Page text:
• Set firm goals. A strong identity, with shared goals, will provide “clarity about what motives, actions and outcomes we expect of those who are part of this movement,” writes Tim Macready, chief investment officer of Australian superannuation fund Christian Super. Common goals, not just common language, will drive institutional impact.
  • Establish a theory of change. Such a theory, says Triodos Investment Management’s Marilou van Golstein Brouwers, “will contribute to investors becoming increasingly aware of this responsibility and the relevance of investing for positive change.” A theory of change sets impact investors apart.
  • Be accountable to impact. Matt Onek, head of Mission Investors Exchange, calls out foundations’ “unique role in keeping the entire field laser-focused on creating a more equitable and just society and a healthier planet.” Philanthropy can champion the impact in impact investing.
  • Segment the market. The industry “needs more sophisticated approaches to classify and cluster investments not only by sector, asset class, and risk-return profile – but also by the type of impact sought, and by the ways in which investors contribute to impact,” write Omidyar Network’s Chris Jurgens and McKenzie Smith. Segmenting the market can unlock impact capital.
  • All hands on deck. Achieving real and sustainable impact is complex and requires a range of capital and businesses along a spectrum of social and financial returns, says DFID’s Tony Burdon. “Shouldn’t our overall goal be: All investment is impact investment?” A vision to make all investment impact investing.

3. Getting to Yes: Would-be impact investors start to run out of excuses. Renewable energy investment is flat. The missing middle funding gap for small businesses in developing markets: still missing. Impact fund managers of all sorts report slow and difficult fund raising.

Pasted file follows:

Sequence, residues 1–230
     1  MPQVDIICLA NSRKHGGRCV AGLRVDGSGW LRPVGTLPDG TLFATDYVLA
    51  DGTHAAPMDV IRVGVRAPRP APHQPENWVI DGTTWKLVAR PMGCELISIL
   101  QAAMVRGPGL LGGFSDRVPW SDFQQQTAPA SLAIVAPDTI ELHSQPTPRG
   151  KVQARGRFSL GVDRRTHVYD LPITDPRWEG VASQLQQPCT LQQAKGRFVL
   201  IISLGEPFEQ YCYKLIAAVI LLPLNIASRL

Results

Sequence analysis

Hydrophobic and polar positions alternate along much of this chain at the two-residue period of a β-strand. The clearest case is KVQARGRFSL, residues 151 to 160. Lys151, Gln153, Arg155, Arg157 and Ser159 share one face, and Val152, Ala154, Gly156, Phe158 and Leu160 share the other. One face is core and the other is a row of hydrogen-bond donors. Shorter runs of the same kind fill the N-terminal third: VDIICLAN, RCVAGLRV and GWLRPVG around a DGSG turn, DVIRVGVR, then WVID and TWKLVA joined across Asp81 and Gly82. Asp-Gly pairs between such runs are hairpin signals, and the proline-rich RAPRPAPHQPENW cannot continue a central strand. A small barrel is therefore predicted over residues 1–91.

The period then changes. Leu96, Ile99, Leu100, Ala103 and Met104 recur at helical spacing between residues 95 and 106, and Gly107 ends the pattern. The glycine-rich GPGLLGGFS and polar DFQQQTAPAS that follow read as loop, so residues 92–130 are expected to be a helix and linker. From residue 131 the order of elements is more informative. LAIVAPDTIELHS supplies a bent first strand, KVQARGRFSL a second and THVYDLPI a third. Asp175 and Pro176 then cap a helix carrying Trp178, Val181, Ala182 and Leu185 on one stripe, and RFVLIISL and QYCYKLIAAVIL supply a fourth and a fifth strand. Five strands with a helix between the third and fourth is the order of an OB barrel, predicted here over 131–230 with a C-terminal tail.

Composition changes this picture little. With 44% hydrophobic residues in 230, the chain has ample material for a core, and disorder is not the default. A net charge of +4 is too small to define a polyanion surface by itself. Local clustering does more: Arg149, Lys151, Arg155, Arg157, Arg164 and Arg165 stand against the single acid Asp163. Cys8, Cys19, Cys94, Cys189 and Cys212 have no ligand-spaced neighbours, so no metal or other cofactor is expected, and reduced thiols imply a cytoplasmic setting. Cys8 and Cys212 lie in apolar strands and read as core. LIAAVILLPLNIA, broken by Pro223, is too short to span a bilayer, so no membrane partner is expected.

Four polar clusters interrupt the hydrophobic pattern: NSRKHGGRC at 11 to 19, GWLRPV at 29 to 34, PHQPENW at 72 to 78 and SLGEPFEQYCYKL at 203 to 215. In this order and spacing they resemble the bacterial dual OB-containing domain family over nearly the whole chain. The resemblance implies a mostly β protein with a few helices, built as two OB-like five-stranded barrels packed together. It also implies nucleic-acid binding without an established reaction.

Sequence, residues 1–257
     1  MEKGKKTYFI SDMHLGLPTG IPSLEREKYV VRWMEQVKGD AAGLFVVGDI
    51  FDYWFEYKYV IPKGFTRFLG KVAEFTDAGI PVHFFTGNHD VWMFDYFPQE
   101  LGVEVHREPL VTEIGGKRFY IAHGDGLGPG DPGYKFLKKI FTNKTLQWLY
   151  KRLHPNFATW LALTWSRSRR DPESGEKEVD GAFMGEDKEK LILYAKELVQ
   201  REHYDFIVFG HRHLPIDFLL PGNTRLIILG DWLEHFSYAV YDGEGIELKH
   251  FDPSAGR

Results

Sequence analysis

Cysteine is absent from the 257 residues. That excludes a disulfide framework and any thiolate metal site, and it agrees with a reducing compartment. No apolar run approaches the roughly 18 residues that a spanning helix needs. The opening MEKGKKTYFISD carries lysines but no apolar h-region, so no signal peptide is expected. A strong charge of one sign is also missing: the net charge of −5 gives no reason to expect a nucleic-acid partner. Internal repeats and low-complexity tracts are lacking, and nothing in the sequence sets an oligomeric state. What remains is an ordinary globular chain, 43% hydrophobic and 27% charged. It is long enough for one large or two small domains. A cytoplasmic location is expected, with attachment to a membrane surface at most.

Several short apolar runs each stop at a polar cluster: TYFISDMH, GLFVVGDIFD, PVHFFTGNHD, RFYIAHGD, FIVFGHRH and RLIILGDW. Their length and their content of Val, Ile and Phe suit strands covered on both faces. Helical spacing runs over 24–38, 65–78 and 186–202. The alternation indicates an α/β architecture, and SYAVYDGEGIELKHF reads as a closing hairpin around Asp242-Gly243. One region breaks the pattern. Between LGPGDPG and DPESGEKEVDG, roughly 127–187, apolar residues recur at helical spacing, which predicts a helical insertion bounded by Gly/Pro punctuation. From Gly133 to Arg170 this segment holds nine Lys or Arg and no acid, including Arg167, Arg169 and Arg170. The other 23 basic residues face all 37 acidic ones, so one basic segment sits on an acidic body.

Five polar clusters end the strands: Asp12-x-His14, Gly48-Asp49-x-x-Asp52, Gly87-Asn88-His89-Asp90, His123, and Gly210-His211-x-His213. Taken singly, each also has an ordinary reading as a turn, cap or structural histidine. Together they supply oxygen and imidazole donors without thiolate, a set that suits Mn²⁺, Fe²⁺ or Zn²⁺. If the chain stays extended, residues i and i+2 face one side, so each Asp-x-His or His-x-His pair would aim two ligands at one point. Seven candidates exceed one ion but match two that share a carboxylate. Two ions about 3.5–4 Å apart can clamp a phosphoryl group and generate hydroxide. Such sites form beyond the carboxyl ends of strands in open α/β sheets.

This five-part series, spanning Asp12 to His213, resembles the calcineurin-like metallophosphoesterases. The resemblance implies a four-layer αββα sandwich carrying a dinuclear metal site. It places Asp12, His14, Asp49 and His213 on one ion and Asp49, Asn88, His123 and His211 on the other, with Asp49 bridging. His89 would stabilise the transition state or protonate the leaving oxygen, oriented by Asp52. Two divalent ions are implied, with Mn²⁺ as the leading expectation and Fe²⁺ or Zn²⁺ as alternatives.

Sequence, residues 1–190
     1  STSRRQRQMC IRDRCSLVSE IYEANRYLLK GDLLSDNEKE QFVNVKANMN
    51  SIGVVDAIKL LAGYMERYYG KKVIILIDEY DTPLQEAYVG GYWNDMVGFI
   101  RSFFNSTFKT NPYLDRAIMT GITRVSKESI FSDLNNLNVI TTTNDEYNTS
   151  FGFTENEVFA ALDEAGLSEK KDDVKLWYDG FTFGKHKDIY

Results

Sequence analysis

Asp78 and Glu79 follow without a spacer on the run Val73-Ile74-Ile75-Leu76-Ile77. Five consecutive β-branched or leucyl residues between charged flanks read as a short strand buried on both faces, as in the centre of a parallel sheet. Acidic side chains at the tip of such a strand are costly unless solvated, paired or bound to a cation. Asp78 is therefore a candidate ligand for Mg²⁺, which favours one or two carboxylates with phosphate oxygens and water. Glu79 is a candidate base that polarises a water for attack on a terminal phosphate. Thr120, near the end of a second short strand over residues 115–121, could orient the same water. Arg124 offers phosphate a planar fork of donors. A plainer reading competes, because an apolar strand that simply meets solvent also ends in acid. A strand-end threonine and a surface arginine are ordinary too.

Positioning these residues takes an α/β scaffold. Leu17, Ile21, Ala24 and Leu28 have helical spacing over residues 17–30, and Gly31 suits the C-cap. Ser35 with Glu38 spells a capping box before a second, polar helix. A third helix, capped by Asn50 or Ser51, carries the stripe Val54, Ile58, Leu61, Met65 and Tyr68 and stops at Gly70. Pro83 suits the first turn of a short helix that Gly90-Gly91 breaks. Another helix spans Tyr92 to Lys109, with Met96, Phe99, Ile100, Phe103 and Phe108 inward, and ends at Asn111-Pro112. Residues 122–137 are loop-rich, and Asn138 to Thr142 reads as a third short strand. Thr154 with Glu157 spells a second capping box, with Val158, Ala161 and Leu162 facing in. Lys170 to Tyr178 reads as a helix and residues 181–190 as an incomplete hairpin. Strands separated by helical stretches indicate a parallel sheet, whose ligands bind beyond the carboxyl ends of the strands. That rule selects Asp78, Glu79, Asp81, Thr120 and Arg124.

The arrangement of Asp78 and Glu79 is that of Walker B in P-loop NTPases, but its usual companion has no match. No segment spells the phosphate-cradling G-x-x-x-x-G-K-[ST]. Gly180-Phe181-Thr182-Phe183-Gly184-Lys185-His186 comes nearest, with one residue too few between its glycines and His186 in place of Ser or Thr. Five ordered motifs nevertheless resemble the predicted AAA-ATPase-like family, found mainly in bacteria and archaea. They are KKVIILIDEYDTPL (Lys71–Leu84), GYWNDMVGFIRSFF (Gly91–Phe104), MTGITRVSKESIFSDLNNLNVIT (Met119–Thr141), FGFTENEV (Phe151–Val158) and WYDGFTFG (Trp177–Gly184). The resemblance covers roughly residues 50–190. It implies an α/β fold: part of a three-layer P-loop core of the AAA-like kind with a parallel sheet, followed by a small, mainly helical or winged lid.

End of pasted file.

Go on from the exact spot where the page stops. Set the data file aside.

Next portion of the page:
Impact investors talk a lot about a better future. In the latest Returns on Investment podcast, ImpactAlpha roundtable regulars squabble about what it will take for them to make big bets on that better future. Listen in.

  • Align Fund’s John Kluge tweeted: “Time for capital- especially ‘committed’ capital- to get off the pot and into the game. Don’t let the perfect be the enemy of the good.”

4. Deals of the week. Drink from the deal firehose all week long on A few that stood out:

5. Helping companies tap ‘alternative capital’ for sustainable growth. Last week, we flagged the new demand for the “demand dividend” as an alternative to venture capital-style investment terms. This week, with help from Candide Group’s Aner Ben-Ami, we clarified the use-cases: For smaller companies, says Ben-Ami, “the growth trajectory required to repay investors starts to look a lot like the kind of ‘hockey stick’ projections that the venture capitalists are looking for.” More alt-capital structures.

6. Susan Phinney Silver and Debra Schwartz: Collaborate on catalytic financing to accelerate climate action. Impact investors at the Packard and MacArthur foundations argue in ImpactAlpha that foundations working together can fill capital gaps and help move the needle on high-leverage issues like sustainable land use, energy efficiency and renewable energy. Look for foundations to step up at next month’s Global Climate Action Summit in San Francisco. Impact voices.

— August 31, 2018.